Do you expect a lot of comfort from wide SIDI cycling shoes or Northwave models? More space with a wide triathlon shoe?
If you have fallen asleep toes or burning soles while cycling, some background knowledge about the foot will help!
The foot is connected to the lower leg by the short foot bones. These include the tarsal bones arranged in two rows, the metatarsal bones and the phalanxes, which correspond in number and shape to the phalanxes.
Starting with the first toe, the toes get progressively smaller and, with the exception of the big toe, consist of three limbs. Viewed from the metatarsus, the first of these three limbs is called the profimal, the second the medial, and the third the thistle.
The foot bones are connected to each other and to the leg bones by fibrous joint capsules, which are reinforced by ligaments.
The ligaments not only imparted strength and resilience, but also the mobility necessary for walking and cycling.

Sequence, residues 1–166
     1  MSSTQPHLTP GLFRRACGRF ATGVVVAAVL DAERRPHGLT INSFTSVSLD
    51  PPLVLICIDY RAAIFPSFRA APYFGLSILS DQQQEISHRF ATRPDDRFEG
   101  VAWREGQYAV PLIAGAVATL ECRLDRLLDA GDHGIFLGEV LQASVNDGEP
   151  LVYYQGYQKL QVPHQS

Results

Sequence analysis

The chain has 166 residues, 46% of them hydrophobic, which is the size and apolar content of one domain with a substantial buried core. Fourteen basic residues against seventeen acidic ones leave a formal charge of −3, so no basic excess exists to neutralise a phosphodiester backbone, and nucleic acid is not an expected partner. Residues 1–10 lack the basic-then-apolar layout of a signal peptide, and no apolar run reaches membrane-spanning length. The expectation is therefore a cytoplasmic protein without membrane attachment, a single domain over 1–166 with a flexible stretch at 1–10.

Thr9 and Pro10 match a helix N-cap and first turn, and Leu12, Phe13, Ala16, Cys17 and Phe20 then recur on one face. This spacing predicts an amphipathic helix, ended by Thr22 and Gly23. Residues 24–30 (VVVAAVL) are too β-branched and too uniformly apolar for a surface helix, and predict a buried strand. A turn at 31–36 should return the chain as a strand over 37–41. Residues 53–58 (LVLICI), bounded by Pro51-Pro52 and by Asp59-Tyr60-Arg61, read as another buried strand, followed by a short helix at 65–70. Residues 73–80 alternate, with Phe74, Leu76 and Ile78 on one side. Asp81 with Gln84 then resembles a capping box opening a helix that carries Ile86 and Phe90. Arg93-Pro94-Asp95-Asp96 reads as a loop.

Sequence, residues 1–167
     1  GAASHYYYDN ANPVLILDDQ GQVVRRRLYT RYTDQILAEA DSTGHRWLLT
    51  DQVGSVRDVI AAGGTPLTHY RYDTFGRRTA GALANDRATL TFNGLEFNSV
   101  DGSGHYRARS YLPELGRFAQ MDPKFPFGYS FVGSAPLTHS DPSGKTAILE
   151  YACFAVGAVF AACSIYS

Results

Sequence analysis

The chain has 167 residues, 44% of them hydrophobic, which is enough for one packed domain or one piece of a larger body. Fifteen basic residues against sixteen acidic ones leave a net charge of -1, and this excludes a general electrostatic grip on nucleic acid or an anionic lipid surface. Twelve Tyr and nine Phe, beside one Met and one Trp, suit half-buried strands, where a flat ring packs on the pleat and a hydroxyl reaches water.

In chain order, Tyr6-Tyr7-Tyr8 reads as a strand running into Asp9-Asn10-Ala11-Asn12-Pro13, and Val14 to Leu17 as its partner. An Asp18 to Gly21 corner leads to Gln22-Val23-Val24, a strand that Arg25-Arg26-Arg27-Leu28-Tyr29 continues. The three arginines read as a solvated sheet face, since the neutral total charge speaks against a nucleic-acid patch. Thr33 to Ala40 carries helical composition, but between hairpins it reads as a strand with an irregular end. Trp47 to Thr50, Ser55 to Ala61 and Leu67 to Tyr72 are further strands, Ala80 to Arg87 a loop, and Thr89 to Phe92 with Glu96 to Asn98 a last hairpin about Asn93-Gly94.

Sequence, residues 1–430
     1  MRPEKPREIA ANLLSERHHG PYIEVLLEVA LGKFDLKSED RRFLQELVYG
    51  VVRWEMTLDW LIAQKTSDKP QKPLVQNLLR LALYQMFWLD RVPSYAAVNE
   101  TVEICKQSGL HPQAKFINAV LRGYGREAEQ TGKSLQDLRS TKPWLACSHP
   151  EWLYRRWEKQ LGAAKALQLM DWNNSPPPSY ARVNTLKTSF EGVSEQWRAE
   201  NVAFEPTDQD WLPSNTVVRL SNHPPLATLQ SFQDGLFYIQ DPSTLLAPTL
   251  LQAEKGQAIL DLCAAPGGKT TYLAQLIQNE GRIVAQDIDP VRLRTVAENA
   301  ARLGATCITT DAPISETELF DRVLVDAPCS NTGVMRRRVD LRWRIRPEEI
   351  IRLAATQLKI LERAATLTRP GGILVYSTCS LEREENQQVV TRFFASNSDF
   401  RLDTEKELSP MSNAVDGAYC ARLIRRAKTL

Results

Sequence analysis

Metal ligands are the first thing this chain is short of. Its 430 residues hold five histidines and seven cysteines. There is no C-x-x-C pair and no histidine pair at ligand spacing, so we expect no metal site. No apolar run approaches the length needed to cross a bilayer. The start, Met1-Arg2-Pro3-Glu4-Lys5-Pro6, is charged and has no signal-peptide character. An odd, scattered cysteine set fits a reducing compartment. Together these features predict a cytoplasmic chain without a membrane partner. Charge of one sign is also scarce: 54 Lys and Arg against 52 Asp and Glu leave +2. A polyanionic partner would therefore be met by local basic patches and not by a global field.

The arch of the foot
The sole of the foot has a substructure made of a fat body that absorbs shock and has a cushioning effect, but is so stable that it cannot slip under the forces exerted when walking and cycling.
The sole of the foot can be divided into the heel, the outer ligament, the longitudinal arch and the ball of the foot.
The static and stability of the foot is largely responsible for effective movement when cycling. An unstable foot is often associated with an unstable knee. A stabilized foot can regularly massively reduce the movement of the hips on the saddle.
This is usually done with cycling specific custom insoles.
If toes have fallen asleep, it is essential to critically question the selected cycling shoe model. I strongly recommend measuring the foot including shoe advice to avoid major problems.
If the soles of the feet are burning, the size of the shoe should be checked.
With the gebioMized pressure measurements in the cycling shoe, we discover even the smallest problem arising from pressure or instability - our eye in the shoe!